There is no such thing as an allergy to mobile phone masts. People living near mobile phone masts have often complained about symptoms of ill health, but the masts are not to blame, according to an Environmental Health Perspectives (EHP) study.
The study surveyed people who believed nearby mobile phone masts were the cause of symptoms such as anxiety, nausea and tiredness. It found that dozens of sufferers were unable to detect whether mobile phone signals were on or off.
When sufferers thought the signal was on, they reported more distress. This points to a psychological problem rather than a physiological one, BBC News reports. Nevertheless, these people were still suffering real symptoms.
"Belief is a very powerful thing," said professor Elaine Fox, of the University of Essex, who lead the three-year Environmental Health Perspectives study. "If you really believe something is going to do you some harm, it will."
There is no data on how many people in the UK suffer from electro-sensitivity, an allergy believed to be triggered by electronic equipment. In 2005 the Health Protection Agency (HPA) said there was no scientific evidence to link ill health with electrical equipment. Although it acknowledged that sufferers could have real and unpleasant symptoms.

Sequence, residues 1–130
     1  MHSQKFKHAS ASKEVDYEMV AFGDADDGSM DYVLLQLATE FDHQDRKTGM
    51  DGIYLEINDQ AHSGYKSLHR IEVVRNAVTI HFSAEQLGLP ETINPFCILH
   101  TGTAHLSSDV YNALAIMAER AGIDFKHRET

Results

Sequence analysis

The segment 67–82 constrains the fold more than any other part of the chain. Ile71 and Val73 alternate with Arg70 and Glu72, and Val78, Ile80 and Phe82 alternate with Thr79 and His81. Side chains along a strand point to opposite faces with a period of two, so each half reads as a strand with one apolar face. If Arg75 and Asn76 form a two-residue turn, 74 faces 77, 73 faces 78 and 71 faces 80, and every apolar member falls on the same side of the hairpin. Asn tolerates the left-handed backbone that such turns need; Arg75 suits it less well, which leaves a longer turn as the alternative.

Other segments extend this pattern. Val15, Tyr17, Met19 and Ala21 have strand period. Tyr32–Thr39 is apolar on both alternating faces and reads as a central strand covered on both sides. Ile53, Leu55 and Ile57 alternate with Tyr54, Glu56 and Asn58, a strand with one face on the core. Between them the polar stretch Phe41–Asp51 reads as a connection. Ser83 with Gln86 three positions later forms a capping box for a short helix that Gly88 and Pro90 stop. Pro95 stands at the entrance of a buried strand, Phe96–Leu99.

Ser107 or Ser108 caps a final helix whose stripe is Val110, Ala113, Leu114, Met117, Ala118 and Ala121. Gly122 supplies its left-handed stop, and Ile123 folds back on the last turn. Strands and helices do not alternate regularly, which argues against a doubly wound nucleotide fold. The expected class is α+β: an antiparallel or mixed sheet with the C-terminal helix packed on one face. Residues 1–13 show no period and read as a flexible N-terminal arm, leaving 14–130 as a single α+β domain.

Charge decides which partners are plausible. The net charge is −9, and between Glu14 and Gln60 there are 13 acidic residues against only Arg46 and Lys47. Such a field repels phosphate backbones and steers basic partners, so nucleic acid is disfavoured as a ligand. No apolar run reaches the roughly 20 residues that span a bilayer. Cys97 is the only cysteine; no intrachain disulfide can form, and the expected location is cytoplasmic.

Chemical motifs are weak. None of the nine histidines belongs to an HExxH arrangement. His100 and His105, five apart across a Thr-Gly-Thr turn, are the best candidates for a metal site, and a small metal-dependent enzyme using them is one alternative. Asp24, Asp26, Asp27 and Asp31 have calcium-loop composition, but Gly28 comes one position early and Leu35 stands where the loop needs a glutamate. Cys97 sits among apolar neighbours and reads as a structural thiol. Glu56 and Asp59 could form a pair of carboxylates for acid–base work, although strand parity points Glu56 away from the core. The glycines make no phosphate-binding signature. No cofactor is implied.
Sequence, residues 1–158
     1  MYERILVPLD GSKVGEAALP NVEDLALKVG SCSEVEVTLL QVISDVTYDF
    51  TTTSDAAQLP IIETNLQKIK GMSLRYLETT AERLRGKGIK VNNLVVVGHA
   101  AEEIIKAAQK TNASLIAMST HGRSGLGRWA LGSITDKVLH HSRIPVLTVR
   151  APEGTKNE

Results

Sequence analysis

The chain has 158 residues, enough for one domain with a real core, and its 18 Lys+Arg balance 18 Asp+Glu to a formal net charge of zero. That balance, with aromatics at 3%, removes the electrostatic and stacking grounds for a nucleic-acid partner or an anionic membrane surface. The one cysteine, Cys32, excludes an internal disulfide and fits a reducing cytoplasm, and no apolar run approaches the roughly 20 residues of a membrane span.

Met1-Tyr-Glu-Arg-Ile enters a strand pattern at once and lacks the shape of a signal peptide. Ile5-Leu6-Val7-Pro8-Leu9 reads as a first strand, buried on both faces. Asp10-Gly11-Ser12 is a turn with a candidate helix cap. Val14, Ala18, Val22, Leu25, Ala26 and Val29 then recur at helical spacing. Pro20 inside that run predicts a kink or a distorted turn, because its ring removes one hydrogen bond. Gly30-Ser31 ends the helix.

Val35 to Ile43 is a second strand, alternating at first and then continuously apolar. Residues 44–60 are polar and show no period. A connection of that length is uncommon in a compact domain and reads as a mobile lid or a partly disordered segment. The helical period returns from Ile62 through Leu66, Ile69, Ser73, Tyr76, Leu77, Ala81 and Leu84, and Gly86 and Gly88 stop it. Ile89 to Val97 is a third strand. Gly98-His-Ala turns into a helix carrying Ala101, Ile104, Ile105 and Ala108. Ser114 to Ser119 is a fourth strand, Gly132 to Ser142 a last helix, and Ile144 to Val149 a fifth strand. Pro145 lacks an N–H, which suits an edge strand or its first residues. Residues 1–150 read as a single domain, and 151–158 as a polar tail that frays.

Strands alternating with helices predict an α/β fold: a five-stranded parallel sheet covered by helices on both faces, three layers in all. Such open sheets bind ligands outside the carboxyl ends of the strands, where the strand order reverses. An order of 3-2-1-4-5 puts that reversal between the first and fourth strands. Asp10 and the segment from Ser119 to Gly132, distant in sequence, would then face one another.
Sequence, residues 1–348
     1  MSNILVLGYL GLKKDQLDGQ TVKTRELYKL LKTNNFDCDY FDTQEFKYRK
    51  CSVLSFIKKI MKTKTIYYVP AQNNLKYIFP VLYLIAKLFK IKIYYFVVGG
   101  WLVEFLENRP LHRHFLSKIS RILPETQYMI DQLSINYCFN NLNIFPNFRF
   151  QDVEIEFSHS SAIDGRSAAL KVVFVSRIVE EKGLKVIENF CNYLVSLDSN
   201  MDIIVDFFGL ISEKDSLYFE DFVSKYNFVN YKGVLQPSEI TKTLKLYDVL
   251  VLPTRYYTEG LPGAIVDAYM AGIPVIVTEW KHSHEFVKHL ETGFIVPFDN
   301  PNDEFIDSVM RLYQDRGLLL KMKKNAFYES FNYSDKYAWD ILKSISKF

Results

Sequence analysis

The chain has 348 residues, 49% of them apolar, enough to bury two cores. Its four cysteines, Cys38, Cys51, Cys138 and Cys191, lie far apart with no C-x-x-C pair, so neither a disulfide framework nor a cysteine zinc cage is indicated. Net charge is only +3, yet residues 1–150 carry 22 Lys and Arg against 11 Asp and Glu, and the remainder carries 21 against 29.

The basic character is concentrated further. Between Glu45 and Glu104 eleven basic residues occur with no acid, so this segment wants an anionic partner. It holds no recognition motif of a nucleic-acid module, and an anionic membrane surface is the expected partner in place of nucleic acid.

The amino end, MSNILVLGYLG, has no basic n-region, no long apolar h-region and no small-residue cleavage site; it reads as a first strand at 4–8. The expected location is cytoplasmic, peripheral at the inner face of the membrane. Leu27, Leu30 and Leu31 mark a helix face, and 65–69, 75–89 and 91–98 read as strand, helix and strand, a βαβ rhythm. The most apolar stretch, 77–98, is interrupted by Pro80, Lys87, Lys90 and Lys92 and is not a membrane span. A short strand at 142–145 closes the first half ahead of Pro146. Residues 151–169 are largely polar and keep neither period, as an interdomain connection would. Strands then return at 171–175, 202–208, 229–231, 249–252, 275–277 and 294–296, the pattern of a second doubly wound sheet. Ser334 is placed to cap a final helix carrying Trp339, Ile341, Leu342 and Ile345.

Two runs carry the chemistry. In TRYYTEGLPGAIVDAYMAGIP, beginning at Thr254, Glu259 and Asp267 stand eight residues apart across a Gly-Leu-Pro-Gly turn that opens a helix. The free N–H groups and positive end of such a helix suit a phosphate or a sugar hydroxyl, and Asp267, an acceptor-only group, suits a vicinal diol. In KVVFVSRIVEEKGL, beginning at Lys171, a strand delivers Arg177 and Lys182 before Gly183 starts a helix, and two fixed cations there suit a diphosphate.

The EHP study is the biggest one of its kind yet, and the first to consider the effects of waves from mobile phone masts. It tested a total of 44 people with a history of symptoms against a control group of 114 people who had never reported ill effects from masts.
When mobile phone signals - both GSM and UMTS/3G - were being emitted, and participants were told of this, some individuals reported lower levels of well-being. But when tests were carried out in which neither the experimenter nor participant knew whether the mast was on or off, the number of symptoms reported did not correlate to whether a signal was being emitted or not.
The suffered symptoms were real. As well as feeling unwell, sensitive individuals had sweatier skin and higher blood pressure - both measures of a physiological response. However these reactions occurred regardless of whether the signal was on or off.
"Hence the range of symptoms and physiological response does not appear to be related to the presence of either GSM or 3G signals," the study concluded.
"This should be reassuring news for anyone who is concerned about the possible short-term health effects of masts," Dr James Rubin of the Mobile Phone Research Unit , King's College London told BBC News .
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